- Author: Kathy Keatley Garvey
Boudinot will return to the United States in 2023.
While at UC Davis, Boudinot excelled in academics, leadership, public service activities, professional activities, and publications. “A highly respected scientist, teacher and leader with a keen intellect, unbridled enthusiasm, and an incredible penchant for public service, Brendon maintains a 4.00 grade point average; has published 12 outstanding publications on insect systematics (some are landmarks or ground-breaking publications); and engages in exceptional academic, student and professional activities,” wrote nominator Steve Nadler, professor and chair of the UC Davis Department of Entomology and Nematology. (Update: As of June 14, Boudinot has now published 16 peer-reviewed papers.)
Despite being at an early stage of his academic career, Boudinot had already published several landmark papers on insect systematics, wrote Phil Ward in 2019. "This includes a remarkable article, just published in Arthropod Structure & Development, in which Brendon presents a comprehensive theory of genital homologies across all Hexapoda (Boudinot 2018). Based on careful comparative morphological study and conducted within a phylogenetic framework, this paper is a major contribution to the field and is destined to become a “classic." This could have been a decade-long study by any investigator, and yet it is just one chapter of Brendon's thesis!"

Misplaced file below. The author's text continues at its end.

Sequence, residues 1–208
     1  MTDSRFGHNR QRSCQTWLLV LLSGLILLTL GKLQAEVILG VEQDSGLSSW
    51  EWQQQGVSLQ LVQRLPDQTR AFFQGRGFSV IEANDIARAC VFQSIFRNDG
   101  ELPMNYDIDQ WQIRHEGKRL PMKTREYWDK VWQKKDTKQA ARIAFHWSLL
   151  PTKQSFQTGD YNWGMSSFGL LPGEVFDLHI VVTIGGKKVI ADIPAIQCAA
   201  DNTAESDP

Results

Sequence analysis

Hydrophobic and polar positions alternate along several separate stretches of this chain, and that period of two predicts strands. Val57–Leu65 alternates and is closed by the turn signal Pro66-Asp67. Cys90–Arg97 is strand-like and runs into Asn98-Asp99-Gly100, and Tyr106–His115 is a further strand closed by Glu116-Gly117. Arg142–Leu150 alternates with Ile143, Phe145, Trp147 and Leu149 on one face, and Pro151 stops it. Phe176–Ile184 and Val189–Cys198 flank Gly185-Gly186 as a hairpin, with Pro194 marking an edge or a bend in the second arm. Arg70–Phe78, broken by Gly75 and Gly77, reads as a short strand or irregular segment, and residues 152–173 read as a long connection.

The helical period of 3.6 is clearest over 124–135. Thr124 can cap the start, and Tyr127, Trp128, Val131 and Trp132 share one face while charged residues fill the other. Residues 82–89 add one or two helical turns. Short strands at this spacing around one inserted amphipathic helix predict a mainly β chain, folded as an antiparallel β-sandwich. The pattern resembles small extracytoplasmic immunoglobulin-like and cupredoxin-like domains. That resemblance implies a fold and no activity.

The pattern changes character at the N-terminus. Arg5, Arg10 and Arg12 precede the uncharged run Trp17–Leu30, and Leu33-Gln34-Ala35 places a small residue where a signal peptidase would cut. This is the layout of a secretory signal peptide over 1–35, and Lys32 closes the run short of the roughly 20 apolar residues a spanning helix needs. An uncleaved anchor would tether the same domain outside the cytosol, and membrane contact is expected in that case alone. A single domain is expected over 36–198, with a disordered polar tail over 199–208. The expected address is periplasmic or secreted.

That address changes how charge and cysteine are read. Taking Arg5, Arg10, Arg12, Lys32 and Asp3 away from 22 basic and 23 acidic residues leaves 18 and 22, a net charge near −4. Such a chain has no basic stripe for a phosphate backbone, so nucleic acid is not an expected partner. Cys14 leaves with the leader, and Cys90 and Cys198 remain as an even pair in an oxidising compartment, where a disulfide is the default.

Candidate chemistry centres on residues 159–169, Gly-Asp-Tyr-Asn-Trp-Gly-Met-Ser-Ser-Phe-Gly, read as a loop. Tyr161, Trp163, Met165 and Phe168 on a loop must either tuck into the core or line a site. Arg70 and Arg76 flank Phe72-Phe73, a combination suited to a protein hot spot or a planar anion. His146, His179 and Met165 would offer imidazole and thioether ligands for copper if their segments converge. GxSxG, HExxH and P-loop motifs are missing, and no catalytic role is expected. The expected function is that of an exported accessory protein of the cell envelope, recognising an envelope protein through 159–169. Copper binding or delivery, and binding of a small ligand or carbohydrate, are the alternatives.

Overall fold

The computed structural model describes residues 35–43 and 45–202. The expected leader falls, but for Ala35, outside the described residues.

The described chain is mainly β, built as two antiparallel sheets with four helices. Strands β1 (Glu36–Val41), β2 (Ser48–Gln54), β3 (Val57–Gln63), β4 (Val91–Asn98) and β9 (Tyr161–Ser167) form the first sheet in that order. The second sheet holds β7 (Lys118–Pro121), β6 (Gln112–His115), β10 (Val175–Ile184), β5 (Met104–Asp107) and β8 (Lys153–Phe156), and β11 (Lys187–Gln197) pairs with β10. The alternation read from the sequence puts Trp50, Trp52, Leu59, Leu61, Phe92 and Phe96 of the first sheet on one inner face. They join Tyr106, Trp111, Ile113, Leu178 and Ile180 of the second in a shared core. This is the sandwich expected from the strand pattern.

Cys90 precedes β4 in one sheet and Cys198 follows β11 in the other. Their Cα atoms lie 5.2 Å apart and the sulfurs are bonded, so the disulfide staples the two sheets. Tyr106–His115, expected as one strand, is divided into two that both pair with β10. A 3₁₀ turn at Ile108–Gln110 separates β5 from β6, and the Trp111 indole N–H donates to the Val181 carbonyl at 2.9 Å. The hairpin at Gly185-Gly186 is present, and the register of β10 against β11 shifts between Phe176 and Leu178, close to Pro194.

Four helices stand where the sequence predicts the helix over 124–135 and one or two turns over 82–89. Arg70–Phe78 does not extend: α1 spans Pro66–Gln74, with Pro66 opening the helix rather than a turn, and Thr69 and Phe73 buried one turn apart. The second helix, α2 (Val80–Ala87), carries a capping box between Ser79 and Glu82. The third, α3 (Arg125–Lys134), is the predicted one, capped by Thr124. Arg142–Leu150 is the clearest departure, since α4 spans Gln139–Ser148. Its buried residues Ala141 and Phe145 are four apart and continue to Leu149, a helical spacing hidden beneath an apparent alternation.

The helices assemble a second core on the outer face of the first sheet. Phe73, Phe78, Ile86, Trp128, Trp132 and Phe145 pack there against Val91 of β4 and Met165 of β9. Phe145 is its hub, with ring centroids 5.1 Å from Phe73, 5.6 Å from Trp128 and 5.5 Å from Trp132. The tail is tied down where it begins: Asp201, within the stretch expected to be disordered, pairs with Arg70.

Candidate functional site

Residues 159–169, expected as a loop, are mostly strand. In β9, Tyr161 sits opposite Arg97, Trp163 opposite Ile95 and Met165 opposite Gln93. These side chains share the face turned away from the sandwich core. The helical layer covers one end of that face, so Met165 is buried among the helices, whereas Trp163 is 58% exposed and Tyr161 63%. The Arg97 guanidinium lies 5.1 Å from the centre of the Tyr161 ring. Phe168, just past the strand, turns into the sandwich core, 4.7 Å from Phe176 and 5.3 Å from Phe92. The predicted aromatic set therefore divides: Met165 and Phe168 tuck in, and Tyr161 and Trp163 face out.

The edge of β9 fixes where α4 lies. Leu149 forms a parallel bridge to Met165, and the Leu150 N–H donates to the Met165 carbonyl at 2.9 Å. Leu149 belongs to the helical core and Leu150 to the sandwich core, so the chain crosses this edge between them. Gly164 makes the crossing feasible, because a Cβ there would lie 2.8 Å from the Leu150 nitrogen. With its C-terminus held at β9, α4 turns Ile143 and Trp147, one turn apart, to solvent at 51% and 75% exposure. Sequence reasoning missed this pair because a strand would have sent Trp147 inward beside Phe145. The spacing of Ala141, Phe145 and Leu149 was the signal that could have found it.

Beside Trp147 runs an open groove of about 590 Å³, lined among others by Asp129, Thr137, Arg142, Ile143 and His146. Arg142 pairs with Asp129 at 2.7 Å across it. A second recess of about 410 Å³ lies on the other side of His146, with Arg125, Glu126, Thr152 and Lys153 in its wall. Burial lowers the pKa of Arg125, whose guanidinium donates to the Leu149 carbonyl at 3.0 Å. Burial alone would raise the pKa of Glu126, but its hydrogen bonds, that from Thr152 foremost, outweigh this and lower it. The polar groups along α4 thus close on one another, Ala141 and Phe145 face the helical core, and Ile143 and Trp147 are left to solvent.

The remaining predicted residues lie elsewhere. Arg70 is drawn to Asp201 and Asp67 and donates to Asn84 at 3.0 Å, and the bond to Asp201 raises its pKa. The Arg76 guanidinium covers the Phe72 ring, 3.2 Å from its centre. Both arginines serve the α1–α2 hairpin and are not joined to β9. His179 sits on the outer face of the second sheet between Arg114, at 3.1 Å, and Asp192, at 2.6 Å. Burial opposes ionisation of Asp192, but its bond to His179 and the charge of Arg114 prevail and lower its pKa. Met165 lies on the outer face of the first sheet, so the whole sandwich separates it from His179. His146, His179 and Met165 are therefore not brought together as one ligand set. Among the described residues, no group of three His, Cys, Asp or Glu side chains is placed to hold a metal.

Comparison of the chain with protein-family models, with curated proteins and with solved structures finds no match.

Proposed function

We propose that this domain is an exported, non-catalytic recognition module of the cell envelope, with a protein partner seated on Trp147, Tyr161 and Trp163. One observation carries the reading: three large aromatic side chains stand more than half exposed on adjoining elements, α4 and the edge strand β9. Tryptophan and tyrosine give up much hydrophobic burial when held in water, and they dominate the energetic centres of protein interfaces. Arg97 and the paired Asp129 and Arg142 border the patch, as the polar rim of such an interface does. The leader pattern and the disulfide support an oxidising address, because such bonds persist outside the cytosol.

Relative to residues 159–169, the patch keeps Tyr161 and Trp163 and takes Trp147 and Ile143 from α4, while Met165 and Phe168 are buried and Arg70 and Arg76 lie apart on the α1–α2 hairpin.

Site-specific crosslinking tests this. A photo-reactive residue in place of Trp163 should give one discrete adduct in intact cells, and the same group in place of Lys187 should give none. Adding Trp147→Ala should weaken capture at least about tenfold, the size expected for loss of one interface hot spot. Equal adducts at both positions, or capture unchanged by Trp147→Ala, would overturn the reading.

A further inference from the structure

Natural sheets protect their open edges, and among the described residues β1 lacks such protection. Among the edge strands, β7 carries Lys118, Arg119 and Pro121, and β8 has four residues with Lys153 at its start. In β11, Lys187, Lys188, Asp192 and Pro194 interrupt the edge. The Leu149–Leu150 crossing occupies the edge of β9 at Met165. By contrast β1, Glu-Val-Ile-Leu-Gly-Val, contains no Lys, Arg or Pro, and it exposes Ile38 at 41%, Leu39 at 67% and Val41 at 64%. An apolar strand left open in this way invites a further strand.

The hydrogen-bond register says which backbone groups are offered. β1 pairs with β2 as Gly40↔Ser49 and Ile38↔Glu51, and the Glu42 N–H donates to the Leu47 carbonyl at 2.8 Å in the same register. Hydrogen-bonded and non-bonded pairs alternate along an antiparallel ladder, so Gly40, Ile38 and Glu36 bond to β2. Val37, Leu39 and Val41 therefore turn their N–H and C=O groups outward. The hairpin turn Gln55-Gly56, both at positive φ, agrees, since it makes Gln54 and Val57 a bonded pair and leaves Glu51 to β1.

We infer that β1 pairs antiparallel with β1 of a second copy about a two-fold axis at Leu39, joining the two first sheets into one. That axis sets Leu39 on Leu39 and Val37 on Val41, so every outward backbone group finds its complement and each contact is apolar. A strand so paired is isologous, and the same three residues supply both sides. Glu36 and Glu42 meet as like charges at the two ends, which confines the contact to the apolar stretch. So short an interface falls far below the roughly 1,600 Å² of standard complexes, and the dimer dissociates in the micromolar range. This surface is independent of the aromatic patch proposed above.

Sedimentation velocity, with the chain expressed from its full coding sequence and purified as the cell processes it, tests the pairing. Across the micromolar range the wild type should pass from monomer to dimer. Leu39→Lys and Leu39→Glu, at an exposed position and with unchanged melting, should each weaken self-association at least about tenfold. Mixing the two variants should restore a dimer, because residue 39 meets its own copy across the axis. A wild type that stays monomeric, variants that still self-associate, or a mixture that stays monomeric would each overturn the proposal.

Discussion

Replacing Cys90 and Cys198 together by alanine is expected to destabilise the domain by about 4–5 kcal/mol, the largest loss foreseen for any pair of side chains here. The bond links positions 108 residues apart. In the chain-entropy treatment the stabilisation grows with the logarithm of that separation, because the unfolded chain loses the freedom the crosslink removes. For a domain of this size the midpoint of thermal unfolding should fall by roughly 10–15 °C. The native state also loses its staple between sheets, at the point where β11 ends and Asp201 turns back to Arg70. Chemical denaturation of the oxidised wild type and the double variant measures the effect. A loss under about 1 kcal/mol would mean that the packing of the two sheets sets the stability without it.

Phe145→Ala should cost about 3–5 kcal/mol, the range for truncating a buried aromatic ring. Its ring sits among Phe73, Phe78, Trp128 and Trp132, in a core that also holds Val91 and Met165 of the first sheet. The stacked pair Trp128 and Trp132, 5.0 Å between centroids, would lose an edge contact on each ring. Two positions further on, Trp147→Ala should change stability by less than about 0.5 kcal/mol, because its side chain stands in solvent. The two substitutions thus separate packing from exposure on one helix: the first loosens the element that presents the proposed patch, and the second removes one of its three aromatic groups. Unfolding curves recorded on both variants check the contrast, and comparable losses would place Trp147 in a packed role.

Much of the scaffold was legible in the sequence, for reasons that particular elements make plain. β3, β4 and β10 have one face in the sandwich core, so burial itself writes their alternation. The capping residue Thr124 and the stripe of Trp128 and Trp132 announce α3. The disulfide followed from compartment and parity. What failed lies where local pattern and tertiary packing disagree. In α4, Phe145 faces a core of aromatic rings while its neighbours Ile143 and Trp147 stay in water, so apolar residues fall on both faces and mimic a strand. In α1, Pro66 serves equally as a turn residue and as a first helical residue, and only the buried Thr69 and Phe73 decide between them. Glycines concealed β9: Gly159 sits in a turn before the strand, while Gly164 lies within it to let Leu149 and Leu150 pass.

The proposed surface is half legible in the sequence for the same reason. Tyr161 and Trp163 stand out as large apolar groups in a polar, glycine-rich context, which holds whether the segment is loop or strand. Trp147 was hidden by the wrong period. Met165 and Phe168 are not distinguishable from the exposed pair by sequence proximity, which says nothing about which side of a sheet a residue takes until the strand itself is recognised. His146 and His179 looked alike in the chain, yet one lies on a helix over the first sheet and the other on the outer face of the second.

His exit seminar on March 4 drew a standing room-only crowd in 122 Briggs. His abstract: "It is widely yet loosely agreed that the study of morphology--body form, structure and function--is undergoing a post-genomic revival, cautiously labeled 'phenomics' among active practitioners. I argue that the full reality of phenomics has yet to be realized, and that functional anatomy is the linchpin for the meaningful use of morphological data to understand evolution. In this seminar, I will present two case studies from my dissertation. The first will focus on reproductive anatomy in the context of the major transitions of insects from a marine, crustacean ancestor to the epically abundant diversity of wing-bearing species. The second and ongoing study combines more than 300,000 point-observations of morphology for 431 extinct and extant species with genomic sequence data to reconstruct the sequence of evolution leading to the living ants. I will introduce the audience to several extinct lineages of ants, including a new family of wasp-ant intermediates, and present functional morphological reconstructions of the ancestors of all ants, living and extinct." (Listen to the exit seminar here; access is free.)
Active in PBESA and ESA, Boudinot received multiple “President's Prize” awards for his research presentations at national ESA meetings. He organized the ESA symposium, “Evolutionary and Phylogenetic Morphology,” at the 2018 meeting in Vancouver, B.C. , and delivered a presentation on “Male Ants: Past, Present and Prospects” at the 2016 International Congress of Entomology meeting in Orlando, Fla.
Boudinot served on—and anchored—three of the UC Davis Linnaean Games teams that won national or international ESA championships. The Linnaean Games, now known as the Entomology Games, are a lively question-and-answer, college bowl-style competition on entomological facts played between university-sponsored student teams.
Boudinot served as president of the UC Davis Entomology Graduate Student Association from 2006 to 2019, and co-chaired the department's Picnic Day celebration (with forensic entomologist Robert Kimsey) for three years.